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This page provides occasional items, linked to the original articles, as we attempt to keep up with the rapidly changing situation on civil liberties.
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1st Jan to 9th Sept 2005


Jill Saward stands against David Davis

Of the 25 candidates standing against David Davis, one of the most serious opponents is Jill Saward, who has campaigned for tougher laws to deal with rape ever since being attacked herself in the Ealing Vicarage case of 1986. She explains why she is opposing David Davis here. David Davis has written a response, covering most of the substantive points made in Saward’s article, here.

I’m glad that an opponent who will argue sincerely for the government’s measures, such as CCTV and the DNA database (Saward would actually extend it to cover everyone) is standing because it means that the debate the government has been trying to avoid will in fact go ahead. Saward is clearly arguing from the point of view that the measures she’s defending are vital tools in the fight against crime. It is notable that during the last 10 years is the government’s continuous erosion of liberty has failed to stop a rise in violent crime, including gun crime, yet much of the justification for these measures has been to fight crime.

Whilst crime remains an issue of such concern to the public, there will continue to be a lot of pressure on governments, of whatever party, to be seen to be “doing something” about it, and in the current climate where passing draconian laws is seen as the main way of being “tough” on crime, those who wish to defend civil liberties are going to have a hard time of it. Challenging this aspect of our political climate is vital, as is getting to grips with the problem of crime, if the erosion of civil liberties is to be stopped.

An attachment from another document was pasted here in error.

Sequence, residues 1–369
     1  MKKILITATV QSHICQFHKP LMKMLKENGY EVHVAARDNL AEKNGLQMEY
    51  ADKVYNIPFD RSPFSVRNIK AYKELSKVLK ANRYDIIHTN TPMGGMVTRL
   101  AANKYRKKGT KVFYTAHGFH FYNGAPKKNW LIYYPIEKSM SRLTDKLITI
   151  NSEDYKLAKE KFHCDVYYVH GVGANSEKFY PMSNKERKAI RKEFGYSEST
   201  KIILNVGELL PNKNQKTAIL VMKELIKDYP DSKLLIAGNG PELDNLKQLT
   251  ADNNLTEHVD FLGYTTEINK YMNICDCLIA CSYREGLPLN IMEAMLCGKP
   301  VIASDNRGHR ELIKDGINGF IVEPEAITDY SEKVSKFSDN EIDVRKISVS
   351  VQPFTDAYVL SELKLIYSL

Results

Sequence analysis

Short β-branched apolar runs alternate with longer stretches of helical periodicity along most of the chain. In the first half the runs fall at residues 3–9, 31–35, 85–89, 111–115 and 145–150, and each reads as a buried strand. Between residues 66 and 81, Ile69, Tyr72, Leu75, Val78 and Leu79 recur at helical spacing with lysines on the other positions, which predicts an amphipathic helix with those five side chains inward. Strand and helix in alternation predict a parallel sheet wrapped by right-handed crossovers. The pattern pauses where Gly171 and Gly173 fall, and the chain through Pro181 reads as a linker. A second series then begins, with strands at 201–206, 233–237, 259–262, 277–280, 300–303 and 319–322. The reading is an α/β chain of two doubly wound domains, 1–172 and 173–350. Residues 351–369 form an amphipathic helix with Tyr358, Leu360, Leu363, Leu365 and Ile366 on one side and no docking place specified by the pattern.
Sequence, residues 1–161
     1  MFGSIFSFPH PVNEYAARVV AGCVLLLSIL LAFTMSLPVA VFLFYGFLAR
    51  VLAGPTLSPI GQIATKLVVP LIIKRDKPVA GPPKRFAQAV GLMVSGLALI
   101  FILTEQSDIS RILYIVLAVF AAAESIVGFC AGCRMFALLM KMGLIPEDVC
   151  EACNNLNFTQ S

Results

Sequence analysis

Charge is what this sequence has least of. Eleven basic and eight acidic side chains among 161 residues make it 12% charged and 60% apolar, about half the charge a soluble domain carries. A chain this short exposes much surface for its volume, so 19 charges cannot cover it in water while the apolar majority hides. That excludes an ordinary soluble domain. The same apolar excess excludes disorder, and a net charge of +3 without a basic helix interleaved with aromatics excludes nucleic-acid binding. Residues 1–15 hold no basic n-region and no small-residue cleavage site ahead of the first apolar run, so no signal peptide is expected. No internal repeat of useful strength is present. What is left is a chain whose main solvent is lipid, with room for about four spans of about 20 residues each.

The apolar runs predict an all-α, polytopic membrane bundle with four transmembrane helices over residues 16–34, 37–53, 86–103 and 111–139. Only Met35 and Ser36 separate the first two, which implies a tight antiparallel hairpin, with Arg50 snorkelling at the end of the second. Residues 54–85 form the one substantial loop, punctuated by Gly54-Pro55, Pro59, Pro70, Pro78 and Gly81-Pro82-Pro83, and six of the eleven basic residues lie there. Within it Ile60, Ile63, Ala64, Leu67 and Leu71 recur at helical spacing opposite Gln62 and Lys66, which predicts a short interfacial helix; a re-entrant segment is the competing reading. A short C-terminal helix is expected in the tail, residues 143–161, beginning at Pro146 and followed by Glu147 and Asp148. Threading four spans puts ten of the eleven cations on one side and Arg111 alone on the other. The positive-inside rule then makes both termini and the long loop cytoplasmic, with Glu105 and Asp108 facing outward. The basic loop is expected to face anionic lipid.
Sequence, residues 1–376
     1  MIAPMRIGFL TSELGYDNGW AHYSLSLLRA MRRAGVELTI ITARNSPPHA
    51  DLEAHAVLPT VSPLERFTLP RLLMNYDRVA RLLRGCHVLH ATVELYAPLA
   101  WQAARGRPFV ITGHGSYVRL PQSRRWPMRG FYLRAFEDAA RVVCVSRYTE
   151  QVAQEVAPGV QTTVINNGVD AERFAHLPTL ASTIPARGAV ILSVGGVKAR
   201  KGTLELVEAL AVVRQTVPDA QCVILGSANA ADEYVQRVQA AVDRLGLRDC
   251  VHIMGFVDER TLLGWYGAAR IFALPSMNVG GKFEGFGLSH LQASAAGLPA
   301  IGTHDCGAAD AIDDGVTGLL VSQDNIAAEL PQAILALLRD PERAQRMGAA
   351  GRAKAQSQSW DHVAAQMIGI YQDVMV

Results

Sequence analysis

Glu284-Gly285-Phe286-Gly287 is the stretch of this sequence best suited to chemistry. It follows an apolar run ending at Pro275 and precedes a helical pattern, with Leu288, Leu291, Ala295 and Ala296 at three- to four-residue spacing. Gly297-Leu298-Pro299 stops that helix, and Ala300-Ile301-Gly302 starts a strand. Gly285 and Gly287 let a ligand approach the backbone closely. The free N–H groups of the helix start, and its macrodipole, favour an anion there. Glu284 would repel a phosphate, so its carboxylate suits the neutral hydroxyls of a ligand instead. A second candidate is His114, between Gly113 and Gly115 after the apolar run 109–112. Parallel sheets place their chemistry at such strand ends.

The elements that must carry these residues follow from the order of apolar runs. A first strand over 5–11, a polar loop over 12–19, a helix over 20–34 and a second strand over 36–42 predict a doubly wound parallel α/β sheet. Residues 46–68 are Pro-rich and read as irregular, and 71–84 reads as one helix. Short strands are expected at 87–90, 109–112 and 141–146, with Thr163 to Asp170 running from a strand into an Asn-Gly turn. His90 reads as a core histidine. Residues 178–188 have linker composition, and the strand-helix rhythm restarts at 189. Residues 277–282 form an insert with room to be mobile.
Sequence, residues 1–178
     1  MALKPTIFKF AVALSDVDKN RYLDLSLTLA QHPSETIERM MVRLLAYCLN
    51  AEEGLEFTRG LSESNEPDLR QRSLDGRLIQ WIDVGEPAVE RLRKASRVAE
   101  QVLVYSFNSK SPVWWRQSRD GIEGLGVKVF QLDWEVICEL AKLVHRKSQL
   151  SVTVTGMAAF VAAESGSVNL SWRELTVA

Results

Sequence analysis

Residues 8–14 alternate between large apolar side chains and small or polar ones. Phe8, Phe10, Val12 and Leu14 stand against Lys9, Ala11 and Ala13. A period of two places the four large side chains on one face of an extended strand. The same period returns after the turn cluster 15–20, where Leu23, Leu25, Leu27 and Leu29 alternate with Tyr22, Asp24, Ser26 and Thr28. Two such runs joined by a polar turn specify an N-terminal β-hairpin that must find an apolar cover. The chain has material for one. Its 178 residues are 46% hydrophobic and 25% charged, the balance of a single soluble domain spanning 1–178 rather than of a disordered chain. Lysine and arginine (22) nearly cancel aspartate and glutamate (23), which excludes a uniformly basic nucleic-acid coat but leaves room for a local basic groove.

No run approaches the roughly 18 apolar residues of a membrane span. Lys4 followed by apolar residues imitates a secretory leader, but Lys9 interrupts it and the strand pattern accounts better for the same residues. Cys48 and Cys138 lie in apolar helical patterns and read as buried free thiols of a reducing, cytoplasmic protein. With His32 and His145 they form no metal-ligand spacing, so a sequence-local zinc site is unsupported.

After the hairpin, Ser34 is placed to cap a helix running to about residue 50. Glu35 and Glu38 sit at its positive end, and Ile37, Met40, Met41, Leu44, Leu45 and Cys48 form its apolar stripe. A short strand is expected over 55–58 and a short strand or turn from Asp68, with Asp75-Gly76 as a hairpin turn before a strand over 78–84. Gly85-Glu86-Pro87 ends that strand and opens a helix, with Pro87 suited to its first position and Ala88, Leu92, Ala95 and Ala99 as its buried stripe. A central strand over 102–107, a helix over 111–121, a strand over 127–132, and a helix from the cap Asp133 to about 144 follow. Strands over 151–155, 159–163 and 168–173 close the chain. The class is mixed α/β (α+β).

I hope the public debate that surrounds this by-election will help to clarify these issues. It seems to me that Labour has in fact been tough on those accused of crime during the last decade, mistaking this approach for being tough on criminals. Making it easier to convict (or otherwise place sanctions against) the accused, as Labour have done, increases the risk that any of us might be wrongfully convicted or wrongfully subjected to sanctions, which means that the actual criminals will get away with their crimes.

Anyway, the remainder of this article constitutes my response to Jill Saward’s opening salvos in this campaign.

Ms Saward’s article states:

Anybody who has seen television programmes showing footage obtained by Closed Circuit Television Cameras will be concerned that what was introduced for public safety is being abused. Safeguards can, and must, be put into place to ensure that CCTV is used solely for what it was intended - crime prevention and detection.

But David Davis wants to abolish it.

This isn’t true. Davis has not called for the abolition of CCTV. On the contrary, as Shadow Home Secretary he called for CCTV to be regulated, both to improve its quality when it is used, to make it usable as evidence in court, and to protect people’s privacy otherwise: